David Bourget (Western Ontario)
David Chalmers (ANU, NYU)
Rafael De Clercq
Jack Alan Reynolds
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Philosophical Psychology 17 (1):27-44 (2004)
Visual percepts frequently appear chromatically rich, yet their paucity in reportable information has led to widely accepted minimalist models of vision. The discrepancy may be resolved by positing that the richness of natural scenes is reflected in phenomenal consciousness but not in detail in the phenomenal judgments upon which reports about qualia are based. Conceptual awareness (including phenomenal judgments) arises from neural mechanisms that categorize objects, and also from mechanisms that conceptually characterize textural properties of pre-categorically segmented regions in the visual field. Experimental evidence suggests that complex images instigate the generation of so-called ensemble phenomenal judgments. These involve concepts that categorize global attributes of segmented areas but carry no information pertaining to details. It is then argued that there are cogent reasons for believing that phenomenal percepts (i.e. qualia) arising from chromatically complex stimuli cohere in this ensemble sense with both the stimulus and with the resulting ensemble phenomenal judgments. Thus, spatially detailed retinal images are deemed to yield correspondingly detailed phenomenal experiences that are in turn conceptually apprehended via a relatively small number of ensemble phenomenal judgments. Lastly, it is suggested that the bridge locus for chromatically rich phenomenal experiences is most plausibly located early in the cortical visual pathway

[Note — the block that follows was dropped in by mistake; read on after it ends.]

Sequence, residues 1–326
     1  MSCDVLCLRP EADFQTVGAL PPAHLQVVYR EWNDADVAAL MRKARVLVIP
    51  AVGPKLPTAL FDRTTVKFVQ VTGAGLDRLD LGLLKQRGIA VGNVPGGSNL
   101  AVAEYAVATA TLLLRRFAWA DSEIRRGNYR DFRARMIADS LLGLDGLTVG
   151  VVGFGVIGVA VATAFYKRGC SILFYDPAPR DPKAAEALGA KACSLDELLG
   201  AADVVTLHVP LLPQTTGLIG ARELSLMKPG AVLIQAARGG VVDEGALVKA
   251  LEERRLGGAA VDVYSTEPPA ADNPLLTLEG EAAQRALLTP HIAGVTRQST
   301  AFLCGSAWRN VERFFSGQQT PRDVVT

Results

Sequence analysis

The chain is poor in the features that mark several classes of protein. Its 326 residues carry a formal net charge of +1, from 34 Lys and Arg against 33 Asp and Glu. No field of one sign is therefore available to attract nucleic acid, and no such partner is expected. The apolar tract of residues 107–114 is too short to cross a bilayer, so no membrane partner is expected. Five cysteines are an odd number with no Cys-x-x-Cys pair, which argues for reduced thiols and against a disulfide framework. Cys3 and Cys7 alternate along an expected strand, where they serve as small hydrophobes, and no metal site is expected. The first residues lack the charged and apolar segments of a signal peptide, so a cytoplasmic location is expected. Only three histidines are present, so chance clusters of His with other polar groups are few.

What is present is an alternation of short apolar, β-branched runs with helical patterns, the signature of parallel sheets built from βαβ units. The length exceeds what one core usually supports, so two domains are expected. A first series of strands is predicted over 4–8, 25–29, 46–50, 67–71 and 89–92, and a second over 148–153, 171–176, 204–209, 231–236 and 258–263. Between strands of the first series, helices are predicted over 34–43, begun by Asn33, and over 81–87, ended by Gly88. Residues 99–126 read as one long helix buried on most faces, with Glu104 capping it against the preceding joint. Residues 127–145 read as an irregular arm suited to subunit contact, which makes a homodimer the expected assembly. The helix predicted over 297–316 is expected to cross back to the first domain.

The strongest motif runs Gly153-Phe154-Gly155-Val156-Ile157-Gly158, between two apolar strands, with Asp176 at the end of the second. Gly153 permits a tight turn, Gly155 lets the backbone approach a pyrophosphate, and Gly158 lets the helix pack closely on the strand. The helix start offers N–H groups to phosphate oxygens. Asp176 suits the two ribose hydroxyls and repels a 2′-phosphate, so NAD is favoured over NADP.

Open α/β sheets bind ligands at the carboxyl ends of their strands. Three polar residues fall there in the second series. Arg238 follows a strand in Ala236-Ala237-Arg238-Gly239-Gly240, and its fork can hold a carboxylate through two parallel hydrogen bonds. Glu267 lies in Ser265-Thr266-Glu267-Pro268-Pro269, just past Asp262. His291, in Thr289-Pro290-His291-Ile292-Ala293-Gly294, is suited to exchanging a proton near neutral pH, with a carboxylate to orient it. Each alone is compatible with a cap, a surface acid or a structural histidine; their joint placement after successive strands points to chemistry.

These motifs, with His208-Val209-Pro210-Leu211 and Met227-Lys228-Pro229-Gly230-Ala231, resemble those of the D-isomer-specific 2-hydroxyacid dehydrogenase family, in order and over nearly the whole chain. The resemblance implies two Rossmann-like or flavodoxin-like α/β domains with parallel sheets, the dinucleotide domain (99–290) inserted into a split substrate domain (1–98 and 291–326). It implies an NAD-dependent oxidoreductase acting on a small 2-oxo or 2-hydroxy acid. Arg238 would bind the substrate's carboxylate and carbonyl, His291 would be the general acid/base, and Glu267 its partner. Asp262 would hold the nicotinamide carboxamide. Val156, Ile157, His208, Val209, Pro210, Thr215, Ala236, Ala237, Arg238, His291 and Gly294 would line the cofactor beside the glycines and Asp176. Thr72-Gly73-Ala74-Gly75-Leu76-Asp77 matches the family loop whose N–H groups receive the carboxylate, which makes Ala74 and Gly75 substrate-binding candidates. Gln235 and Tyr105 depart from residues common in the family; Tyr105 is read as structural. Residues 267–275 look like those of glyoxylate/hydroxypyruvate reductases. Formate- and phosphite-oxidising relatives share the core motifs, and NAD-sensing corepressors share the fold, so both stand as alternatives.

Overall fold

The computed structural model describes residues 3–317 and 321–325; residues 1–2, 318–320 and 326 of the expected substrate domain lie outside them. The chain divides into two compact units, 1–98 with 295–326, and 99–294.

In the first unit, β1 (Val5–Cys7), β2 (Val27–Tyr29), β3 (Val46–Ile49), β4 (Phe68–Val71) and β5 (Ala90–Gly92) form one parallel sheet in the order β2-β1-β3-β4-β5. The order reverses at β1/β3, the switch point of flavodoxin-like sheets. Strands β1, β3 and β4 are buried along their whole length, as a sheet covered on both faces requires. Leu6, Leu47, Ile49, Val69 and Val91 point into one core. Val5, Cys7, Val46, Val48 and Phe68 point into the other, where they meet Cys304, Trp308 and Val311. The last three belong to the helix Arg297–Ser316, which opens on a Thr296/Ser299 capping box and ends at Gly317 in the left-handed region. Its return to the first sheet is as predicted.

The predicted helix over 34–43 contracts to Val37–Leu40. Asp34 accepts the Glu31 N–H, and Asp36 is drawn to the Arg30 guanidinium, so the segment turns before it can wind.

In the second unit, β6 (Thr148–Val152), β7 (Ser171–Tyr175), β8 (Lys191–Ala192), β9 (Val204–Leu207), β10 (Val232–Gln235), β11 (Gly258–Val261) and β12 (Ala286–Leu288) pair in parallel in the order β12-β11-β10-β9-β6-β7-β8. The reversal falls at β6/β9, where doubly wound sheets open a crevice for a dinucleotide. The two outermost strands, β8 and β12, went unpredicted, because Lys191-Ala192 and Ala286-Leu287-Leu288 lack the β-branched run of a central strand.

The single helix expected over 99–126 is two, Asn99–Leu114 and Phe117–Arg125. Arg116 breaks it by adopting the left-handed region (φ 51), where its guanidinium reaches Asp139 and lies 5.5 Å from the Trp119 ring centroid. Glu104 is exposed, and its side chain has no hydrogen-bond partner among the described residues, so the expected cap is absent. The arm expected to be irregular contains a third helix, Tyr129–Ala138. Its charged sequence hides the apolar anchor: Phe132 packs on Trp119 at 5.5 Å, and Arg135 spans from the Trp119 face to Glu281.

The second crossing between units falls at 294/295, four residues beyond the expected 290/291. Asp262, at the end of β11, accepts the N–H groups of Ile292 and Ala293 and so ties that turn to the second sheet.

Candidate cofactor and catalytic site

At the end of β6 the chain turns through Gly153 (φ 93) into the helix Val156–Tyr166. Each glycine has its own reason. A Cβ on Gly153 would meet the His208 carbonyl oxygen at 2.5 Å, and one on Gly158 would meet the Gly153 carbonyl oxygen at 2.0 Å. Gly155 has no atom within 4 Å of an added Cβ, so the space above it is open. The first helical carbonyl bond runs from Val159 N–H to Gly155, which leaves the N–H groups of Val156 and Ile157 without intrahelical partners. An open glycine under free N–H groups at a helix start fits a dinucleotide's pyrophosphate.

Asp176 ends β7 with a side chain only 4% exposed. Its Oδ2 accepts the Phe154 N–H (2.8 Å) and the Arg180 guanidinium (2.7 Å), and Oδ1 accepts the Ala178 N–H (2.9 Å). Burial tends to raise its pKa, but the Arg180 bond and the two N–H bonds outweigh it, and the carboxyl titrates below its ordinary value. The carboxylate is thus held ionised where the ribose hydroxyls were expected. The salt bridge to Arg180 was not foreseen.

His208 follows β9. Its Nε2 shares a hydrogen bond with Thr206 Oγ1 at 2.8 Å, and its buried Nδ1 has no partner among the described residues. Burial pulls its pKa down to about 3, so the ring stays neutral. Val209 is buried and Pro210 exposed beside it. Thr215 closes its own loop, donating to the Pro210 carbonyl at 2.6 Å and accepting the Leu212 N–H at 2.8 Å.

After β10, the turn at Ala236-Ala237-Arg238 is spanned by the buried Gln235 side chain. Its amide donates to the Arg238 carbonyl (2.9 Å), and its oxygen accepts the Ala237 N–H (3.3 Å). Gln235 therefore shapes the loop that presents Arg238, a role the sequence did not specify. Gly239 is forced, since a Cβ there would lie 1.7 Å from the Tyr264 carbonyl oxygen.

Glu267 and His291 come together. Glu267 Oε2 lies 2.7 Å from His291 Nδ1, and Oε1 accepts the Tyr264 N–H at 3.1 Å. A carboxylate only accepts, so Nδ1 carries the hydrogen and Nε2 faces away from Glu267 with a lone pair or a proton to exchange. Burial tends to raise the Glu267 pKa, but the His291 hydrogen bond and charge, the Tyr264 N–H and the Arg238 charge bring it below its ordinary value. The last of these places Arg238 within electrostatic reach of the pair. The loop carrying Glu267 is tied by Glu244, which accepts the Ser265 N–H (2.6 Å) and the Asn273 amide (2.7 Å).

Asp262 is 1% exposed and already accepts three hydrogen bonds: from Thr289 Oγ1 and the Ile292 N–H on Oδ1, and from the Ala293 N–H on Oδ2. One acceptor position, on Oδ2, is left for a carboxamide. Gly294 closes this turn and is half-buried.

|Keywords||Color Consciousness Epistemology Judgment Percept|
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John Beeckmans (2009). How Chromatic Phenomenality Largely Overflow its Cognitive Accessibility. Consciousness and Cognition 18 (4):917-928.
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